Since the commercialization of the Internet in the mid ’90s, much attention and hype have been focused on the convergence of this dynamic new, interactive communications medium with traditional media. A revolution was promised, and it’s fair to say this promise has been kept.
Today consumers can download songs from Napster (yes, you still can) and its numerous variants. Users can listen to Internet radio stations while working on their PCs. They can watch video clips on any number of online news sites.
While it’s not always a consummate experience – there’s nothing like a long buffering pause to break the mood of a song, and watching someone’s lips moving five seconds before you hear them speak renders much online video unwatchable – delivery technology continues to improve and eventually will eliminate these nagging problems.
One company that rushed to capitalize on this ‘Net-driven media convergence is among the top gainers on Wall Street so far this year. Online broadcaster NetRadio
has skyrocketed 166% in trading since Dec. 29.
That’s the good news. The bad news is that NetRadio faces potentially insurmountable problems that make it an exceedingly risky bet for investors, including pending delisting from Nasdaq’s National Market.
NetRadio, which closed Monday at 50 cents per share, has seen its revenues decline on a year-ago and sequential quarterly basis. Fourth-quarter revenues of $430,000 were down 36% from Q4 ’99 and 6% from last year’s third quarter.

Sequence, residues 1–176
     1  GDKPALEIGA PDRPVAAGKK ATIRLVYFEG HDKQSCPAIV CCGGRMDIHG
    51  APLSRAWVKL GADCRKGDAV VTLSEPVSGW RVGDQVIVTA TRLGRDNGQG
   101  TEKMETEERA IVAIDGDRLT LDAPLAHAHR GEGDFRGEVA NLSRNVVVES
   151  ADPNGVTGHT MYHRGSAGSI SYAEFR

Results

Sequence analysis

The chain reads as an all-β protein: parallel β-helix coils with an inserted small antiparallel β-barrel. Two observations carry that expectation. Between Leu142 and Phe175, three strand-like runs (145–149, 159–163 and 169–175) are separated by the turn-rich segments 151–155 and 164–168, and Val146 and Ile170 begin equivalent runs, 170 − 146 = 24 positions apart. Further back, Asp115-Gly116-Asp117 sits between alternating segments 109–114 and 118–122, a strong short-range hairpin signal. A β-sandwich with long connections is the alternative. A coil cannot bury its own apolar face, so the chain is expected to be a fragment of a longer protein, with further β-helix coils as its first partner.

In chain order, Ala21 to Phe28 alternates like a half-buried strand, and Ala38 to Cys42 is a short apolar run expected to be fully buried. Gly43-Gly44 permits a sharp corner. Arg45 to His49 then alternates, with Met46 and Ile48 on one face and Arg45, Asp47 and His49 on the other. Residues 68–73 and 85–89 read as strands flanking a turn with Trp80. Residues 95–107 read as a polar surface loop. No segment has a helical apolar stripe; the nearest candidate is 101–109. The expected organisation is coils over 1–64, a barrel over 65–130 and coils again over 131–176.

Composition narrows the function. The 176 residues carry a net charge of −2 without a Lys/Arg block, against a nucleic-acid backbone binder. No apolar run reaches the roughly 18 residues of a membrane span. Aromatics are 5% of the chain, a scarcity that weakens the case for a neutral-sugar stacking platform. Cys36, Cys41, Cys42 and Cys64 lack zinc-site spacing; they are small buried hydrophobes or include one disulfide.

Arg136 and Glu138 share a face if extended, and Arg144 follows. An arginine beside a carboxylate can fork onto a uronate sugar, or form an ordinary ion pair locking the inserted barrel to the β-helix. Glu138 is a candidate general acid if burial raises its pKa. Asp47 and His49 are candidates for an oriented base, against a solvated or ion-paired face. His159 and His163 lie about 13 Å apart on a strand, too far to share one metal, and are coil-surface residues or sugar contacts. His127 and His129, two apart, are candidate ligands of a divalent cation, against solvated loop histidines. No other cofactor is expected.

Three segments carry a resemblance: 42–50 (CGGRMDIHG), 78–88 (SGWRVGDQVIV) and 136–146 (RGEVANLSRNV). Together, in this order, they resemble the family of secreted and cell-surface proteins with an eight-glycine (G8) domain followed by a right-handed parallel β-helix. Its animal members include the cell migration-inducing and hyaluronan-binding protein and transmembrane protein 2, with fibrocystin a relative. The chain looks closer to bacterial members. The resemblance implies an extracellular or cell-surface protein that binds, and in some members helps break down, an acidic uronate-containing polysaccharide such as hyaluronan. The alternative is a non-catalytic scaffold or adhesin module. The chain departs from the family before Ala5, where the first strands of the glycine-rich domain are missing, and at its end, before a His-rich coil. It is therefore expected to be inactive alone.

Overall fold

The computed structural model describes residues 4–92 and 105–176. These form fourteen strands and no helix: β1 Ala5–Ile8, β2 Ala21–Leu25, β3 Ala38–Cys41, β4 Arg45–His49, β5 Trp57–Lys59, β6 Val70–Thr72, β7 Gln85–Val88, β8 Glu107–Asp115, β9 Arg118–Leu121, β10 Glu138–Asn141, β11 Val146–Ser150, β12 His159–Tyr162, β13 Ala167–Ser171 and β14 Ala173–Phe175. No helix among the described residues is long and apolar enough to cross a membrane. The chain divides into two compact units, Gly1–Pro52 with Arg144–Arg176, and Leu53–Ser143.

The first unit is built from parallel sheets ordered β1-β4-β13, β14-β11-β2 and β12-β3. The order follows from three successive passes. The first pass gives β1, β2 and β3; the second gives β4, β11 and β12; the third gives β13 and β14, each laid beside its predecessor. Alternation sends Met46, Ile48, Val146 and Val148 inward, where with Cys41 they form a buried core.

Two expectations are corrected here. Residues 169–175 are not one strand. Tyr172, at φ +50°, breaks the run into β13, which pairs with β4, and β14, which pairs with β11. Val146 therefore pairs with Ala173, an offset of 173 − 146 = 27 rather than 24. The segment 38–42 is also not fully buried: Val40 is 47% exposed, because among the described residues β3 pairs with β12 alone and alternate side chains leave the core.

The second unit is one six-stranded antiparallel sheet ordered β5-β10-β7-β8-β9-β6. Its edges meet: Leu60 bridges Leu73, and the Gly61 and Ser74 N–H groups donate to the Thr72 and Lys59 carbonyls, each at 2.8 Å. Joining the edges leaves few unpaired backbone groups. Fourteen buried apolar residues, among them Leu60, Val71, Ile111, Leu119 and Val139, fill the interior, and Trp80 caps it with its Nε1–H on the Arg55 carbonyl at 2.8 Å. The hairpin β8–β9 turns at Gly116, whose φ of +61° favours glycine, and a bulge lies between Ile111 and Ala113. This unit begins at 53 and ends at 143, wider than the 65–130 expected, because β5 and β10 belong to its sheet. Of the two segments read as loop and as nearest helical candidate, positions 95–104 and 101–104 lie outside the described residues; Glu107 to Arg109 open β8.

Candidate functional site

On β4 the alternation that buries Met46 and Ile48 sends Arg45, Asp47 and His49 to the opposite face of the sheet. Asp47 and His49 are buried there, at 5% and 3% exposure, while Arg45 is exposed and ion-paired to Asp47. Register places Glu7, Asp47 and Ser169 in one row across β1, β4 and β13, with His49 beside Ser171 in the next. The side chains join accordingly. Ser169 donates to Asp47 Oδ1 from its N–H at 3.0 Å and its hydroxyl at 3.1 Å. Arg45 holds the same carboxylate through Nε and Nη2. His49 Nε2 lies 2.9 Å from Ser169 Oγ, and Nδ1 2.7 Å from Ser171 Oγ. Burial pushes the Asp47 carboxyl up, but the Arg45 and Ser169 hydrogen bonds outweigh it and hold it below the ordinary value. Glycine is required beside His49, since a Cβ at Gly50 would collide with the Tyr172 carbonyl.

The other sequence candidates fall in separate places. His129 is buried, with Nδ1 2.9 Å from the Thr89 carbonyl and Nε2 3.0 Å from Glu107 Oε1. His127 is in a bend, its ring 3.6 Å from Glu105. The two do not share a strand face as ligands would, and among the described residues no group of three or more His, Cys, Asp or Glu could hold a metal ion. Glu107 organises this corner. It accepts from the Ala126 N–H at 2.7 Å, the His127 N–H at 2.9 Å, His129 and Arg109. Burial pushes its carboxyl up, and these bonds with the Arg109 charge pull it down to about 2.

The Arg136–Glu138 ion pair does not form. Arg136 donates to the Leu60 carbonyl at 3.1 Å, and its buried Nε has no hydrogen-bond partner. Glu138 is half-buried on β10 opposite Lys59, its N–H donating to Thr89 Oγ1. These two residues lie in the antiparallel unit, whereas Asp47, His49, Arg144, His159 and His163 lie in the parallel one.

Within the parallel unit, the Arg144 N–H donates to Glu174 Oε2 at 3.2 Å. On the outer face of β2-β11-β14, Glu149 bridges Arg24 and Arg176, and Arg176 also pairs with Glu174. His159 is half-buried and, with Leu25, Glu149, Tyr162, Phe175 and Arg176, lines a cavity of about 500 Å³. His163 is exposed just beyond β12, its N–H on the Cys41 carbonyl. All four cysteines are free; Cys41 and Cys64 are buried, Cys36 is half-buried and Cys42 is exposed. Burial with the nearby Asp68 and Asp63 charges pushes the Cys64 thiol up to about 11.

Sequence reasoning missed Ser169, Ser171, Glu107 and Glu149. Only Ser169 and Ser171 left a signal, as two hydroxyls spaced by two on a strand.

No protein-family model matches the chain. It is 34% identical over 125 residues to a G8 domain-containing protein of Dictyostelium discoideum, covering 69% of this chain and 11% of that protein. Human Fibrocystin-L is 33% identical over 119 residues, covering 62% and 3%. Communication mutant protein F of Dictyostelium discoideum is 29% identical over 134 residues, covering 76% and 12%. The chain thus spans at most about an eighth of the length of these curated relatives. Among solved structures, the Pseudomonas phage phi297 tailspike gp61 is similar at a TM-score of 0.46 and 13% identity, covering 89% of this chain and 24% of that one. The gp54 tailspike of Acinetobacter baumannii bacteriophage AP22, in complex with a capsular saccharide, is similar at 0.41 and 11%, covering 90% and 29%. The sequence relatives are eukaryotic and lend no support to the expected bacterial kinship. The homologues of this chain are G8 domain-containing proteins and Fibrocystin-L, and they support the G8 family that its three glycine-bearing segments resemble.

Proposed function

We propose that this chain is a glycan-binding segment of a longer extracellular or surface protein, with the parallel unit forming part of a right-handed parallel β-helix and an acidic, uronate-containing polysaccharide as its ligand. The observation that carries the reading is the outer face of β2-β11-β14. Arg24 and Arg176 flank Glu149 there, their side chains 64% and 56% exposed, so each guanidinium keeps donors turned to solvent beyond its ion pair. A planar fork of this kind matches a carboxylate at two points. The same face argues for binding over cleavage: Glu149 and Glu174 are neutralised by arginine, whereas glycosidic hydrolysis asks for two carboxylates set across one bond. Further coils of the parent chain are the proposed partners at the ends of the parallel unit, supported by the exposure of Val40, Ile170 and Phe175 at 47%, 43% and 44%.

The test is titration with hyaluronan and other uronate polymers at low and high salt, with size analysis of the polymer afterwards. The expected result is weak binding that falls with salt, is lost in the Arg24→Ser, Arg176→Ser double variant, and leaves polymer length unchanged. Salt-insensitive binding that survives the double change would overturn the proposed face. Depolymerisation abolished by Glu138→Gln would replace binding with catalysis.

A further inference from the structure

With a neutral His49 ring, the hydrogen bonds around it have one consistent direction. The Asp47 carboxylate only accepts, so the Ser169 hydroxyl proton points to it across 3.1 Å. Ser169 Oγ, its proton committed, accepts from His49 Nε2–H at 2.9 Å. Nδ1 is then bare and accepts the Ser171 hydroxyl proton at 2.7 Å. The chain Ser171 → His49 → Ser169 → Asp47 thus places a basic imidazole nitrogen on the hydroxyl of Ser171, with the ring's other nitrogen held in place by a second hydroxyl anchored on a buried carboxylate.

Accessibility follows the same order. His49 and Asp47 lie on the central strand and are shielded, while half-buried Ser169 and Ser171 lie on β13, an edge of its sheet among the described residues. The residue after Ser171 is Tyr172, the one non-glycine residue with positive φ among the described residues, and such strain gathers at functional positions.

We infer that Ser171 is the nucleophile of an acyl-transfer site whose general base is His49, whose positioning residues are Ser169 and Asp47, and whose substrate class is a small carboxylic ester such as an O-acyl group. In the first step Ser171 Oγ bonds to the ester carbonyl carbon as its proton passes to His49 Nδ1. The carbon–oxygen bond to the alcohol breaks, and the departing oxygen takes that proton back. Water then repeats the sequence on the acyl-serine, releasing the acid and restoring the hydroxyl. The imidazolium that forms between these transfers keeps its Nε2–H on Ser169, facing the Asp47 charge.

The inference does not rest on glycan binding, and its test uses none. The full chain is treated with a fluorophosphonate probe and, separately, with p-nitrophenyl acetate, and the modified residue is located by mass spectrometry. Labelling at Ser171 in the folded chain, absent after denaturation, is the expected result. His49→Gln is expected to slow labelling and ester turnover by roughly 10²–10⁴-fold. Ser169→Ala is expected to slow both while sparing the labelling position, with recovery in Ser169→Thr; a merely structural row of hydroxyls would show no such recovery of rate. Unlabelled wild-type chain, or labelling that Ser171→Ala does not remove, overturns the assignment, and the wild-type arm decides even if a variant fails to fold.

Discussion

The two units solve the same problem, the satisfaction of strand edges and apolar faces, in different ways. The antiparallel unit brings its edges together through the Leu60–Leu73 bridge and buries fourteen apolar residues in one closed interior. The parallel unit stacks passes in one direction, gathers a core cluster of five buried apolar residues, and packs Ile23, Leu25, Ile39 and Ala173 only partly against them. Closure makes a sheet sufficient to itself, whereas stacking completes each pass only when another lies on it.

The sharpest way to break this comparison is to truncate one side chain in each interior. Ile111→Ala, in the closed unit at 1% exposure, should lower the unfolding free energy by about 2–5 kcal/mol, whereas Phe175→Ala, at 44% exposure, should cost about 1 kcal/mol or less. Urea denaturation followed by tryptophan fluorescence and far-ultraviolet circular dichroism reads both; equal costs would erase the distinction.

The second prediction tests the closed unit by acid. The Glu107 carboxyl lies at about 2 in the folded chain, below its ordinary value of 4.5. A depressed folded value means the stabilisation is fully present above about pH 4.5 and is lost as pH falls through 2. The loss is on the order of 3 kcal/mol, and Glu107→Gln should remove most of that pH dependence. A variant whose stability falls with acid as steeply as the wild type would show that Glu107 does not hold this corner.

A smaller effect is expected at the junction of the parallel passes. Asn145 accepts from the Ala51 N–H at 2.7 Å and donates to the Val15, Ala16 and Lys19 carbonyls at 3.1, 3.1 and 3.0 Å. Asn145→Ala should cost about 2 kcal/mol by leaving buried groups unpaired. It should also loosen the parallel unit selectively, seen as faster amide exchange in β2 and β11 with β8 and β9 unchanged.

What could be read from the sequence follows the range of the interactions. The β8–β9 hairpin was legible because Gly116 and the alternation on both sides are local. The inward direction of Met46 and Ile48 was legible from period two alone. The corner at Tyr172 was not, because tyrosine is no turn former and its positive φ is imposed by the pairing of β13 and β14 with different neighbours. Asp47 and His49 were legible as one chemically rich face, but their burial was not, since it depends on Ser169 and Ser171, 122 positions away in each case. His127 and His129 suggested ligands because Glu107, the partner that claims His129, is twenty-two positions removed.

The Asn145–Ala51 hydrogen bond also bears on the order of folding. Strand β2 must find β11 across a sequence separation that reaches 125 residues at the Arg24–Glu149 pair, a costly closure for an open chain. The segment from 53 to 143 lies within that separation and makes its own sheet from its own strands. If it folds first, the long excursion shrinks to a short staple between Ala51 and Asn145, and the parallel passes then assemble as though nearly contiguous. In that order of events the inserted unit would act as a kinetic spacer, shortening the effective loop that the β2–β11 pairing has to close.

Net loss for Q4 was $3.5 million, or 35 cents per share, a solid improvement over both Q4 ’99’s net loss of $5.6 million, or 60 cents share, and the $4.4 million net loss in last year’s Q3. Net loss for fiscal 2000 was $16.3 million, or $1.63 per share.
With only $11.5 million in cash at the end of last year, NETR’s burn rate will be fatal before long. On Monday the company received some help in the form of debt relief. Navarre Corp., the parent company of NetRadio and still a major shareholder, said it has forgiven $5.5 million in debt owed by NETR in return for a cash payment of $1 million.
This action by Navarre, which pushes NetRadio’s total assets to $9.2 million from $3.7 million, also gives the company some ammunition in its battle to avoid delisting. Nasdaq requires listed companies to carry minimum total assets of $4 million. Unfortunately, NetRadio falls far short regarding two other listing requirements. Its public float of $3.2 million is
well under the required minimum of $5 million, while shares last met the minimum bid price of $1 way back in October.
NetRadio executives have a delisting hearing with Nasdaq on Wednesday. Should its bid to stay on the national board fail, the company will request that its stock be listed on the Nasdaq SmallCap Market. In a press release, company officials acknowledged that this “could have a material adverse effect on the market price of, and the efficiency of the trading market for, NetRadio’s common stock.”
Which pretty much says it all.